A coronavirus hospital surge plan is in place in Ventura County after emergency rooms and intensive care units filled up.
During a Wednesday media briefing, Ventura County Executive Officer Michael Powers said that when he asked hospital staffers whether their facilities were filling up, they said they were already full.
“That just says that even in a county like Ventura County, where we’ve been doing so well with keeping our numbers low, some of the lowest numbers in the state, even here this can happen. We could see this community spread and we could see a rise in hospital cases. I think this is a good wake-up call for us,” Powers said.
There are 79 people hospitalized for acute COVID-19 care in the county, Ventura County Public Health Director Rigoberto Vargas said. In early June, that number sat in the mid-20s, he said. Thirty-one people are in intensive care units.
“We’re extremely full right now,” said John Fankhauser, chief executive of Ventura County Medical Center and Santa Paula Hospital. “We have opened up our surge space…. We are seeing patients in that surge space.”
The hospitals are considering restricting non-urgent surgeries to create more space for COVID-19 patients, he added.
“It’s important that you feel comfortable coming to the hospital, but we need our community to partner with us now,” Fankhauser said. “There is a limit to how much we can surge. We can’t continue on the path we are on right now with regard to social gatherings; with regard to close quarters and no masks indoors; with regard to the ability to wash your hands. We have to take those things seriously. We know how to control this disease.
Dr. Tara Paterson, director of the medical center’s intensive care unit, said the surge plan took five months to prepare. Now, with the ER and ICU full, that plan is in use, she said.
“These COVID-positive patients that we are seeing in the ICU are extremely sick. Those patients who require mechanical ventilation often have prolonged ICU stays. They are very labor intensive. Some of them do not survive their hospital stay. So please, please wear a mask, social-distance, do your part, because this could become a family member of yours. It could be your grandmother, your grandfather, your sister, your wife,” Paterson said.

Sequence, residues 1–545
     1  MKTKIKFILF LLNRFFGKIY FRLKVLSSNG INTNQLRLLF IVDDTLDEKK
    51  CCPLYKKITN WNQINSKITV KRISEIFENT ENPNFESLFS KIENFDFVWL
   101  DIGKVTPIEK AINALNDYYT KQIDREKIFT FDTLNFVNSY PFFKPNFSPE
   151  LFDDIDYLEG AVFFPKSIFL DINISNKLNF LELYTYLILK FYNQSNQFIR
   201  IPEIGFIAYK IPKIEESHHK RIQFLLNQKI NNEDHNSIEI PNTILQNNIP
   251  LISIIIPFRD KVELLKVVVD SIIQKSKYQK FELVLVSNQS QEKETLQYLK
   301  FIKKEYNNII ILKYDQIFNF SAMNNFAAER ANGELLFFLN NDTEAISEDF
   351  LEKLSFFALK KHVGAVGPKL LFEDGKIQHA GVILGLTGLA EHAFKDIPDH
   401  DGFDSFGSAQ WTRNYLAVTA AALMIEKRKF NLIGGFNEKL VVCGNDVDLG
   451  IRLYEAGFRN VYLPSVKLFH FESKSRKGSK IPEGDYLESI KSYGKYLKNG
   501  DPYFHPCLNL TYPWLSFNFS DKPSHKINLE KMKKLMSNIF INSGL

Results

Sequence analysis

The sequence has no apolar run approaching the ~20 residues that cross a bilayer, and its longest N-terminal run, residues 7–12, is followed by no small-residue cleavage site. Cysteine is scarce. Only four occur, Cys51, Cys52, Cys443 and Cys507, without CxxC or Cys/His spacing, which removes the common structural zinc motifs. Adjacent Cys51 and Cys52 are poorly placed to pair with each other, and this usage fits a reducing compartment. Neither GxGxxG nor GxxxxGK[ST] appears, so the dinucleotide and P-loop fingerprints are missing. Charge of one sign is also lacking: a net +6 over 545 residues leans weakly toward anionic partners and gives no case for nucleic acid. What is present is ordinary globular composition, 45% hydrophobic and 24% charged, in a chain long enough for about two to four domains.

County Supervisor Linda Parks agreed that residents have the power to address the overflow.
“It’s up to you to stop our hospitals from ending up at capacity or over capacity,” she said
Powers echoed the call to action too.
“Until there’s a vaccine, the main thing we need is to have the testing capacity, the tracing and the support for voluntary quarantining,” he said.
Powers said the county is using only one-third of its tracing capacity and will continue to track community spread.
Vargas said the county received 125 new positive COVID-19 tests Wednesday, bringing the total to 3,983 positive tests. He also reported a new death, bringing the county’s death toll to 51.
“Sure, our fatality rate has been less than 1%. But it’s 51 families that have been directly impacted by COVID in Ventura County,” he said.
Amid increasing cases and deaths, the county has also increased testing. Over the last three weeks, the average of COVID-19 tests administered weekly has jumped from 5,000 to 12,000, said Barry Zimmerman, chief deputy director of the Ventura County Health Care Agency. About 76,000 people have been tested, he said.
Among those testing positive, 62% have been younger than 44. Of those, 40% are younger than 24. Over a quarter of positive tests have come from asymptomatic individuals, Parks said.